Historical Abolitionist of the Month: Matilda Joslyn Gage
By Katie Masi
The fight to end slavery is rooted in history and extends until today. Each month we profile some of the brave men and women, both contemporary and historical, who have fought to eradicate slavery. Our historical abolitionist of the month is Matilda Joslyn Gage.
Matilda Joslyn Gage was born in 1826 into a strongly abolitionist family. Her childhood home served as a refuge in the Underground Railroad. Later, when she and her husband moved to Fayetteville, NY, their home also became a station for slaves escaping to freedom. Gage was among the few in Fayetteville to sign a statement promising to provide assistance to any slave trying to escape the South.
Because of her outspoken nature, Gage was under constant surveillance. The scrutiny did not silence her. As a talented orator and writer, she used the attention she received from both supporters and enemies to further the antislavery movement and women’s suffrage. In 1852, when she was just 26 years old, Gage spoke at the Third National Women’s Rights Convention. She argued that slavery and the limited rights of women stemmed from the same patriarchal views. Gage became devoted to women’s suffrage and later founded the National Women’s Suffrage Association with Susan B. Anthony and Elizabeth Cady Stanton.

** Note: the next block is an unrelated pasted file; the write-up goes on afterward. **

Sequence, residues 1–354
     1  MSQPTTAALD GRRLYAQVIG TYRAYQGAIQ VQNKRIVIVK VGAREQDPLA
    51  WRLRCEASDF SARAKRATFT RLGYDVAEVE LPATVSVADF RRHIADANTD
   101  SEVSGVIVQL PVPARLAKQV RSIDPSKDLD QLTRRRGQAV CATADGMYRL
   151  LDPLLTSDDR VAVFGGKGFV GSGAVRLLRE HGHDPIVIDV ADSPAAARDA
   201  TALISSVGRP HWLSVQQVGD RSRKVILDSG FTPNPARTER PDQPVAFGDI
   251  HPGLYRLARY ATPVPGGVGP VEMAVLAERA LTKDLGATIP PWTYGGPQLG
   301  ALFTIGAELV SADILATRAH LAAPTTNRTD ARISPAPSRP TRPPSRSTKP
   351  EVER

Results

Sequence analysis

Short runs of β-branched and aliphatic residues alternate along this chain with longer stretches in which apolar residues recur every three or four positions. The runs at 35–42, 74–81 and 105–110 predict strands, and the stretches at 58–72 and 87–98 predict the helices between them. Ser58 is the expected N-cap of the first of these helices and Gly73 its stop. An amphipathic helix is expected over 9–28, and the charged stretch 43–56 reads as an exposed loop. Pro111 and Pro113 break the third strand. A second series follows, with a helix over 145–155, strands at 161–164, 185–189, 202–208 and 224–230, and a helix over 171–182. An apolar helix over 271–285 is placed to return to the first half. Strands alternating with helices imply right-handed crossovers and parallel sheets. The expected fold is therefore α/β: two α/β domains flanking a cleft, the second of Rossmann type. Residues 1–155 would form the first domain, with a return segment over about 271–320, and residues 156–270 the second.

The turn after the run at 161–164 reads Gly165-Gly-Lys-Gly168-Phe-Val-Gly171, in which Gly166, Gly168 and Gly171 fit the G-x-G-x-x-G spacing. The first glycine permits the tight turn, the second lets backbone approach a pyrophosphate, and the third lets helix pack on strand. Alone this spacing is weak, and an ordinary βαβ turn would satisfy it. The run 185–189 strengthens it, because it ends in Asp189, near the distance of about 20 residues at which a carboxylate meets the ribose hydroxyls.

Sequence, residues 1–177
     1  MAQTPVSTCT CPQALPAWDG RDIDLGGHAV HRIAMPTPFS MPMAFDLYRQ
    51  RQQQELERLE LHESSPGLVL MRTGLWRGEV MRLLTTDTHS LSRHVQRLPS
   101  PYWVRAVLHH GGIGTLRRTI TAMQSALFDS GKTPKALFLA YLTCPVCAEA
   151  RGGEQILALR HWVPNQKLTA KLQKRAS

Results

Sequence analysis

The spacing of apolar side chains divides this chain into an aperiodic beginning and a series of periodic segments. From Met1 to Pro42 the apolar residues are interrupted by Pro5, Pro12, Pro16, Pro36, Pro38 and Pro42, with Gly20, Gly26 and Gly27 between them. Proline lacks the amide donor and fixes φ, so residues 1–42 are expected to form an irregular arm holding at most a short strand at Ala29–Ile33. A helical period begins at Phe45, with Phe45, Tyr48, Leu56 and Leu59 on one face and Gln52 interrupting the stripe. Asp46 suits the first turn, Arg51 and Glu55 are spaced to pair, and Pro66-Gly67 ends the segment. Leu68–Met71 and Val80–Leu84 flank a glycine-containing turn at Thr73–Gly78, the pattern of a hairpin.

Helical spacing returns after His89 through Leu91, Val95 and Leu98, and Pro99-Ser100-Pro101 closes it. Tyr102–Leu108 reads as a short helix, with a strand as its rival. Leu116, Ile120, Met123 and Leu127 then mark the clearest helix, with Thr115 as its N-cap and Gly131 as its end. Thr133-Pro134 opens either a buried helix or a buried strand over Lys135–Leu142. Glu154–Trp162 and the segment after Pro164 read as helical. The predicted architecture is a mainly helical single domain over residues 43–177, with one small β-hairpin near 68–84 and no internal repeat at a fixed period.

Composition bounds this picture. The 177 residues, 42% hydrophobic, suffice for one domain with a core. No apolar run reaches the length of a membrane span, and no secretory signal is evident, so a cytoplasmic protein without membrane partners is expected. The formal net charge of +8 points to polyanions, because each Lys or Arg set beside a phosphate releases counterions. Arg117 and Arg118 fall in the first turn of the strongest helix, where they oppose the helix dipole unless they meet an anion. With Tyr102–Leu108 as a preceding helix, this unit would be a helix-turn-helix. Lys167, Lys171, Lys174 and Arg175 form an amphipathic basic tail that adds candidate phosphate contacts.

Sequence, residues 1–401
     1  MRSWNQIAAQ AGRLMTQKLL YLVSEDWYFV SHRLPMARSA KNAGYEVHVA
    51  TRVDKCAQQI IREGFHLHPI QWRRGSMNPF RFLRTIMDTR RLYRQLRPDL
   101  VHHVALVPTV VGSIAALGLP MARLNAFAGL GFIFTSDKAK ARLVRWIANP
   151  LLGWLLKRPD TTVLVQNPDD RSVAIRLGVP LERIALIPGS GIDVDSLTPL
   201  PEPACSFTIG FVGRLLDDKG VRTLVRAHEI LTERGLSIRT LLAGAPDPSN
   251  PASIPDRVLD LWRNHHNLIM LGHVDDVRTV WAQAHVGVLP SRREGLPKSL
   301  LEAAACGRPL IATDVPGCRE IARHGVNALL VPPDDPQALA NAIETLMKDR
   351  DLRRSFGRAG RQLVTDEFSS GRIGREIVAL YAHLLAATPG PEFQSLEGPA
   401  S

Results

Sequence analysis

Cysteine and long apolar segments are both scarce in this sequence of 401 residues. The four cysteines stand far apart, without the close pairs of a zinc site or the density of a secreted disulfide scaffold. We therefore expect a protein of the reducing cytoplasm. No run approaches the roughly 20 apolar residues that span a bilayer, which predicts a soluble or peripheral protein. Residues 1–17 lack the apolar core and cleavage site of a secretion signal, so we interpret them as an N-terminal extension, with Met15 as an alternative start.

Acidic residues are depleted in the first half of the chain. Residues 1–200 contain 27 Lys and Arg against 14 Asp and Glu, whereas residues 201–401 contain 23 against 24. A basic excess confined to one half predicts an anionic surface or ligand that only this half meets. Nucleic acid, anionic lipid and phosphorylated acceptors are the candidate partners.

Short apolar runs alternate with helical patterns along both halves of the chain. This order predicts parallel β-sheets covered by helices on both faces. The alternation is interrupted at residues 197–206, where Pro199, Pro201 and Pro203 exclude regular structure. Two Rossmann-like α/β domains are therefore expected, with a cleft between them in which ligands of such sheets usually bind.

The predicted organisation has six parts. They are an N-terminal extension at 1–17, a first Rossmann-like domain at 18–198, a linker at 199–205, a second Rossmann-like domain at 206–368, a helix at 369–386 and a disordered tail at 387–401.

During the Civil War, she actively supported the Union to further the abolition of slavery, organizing supplies for Union hospitals and raising funds for the 122nd regiment.
Matilda Joslyn Gage stood out as an educated, radical woman in the 1800s. She devoted her life to the anti-slavery movement and women’s suffrage.
Sadly, slavery still exists today on an even larger scale. It is our responsibility to follow Gage’s example to increase awareness and help combat modern slavery. There are approximately 21 million people enslaved around the world today and this illicit business generates about $150 million for exploiters annually. Dismantling the business of human trafficking will take a three-pronged approach: increasing the risks for perpetrators, decreasing the profits, and increasing resources for anti-trafficking policies.
To learn more about how to build on the work of Matilda Joslyn Gage and other abolitionists, please see our blueprint, on “How to Dismantle the Business of Human Trafficking.”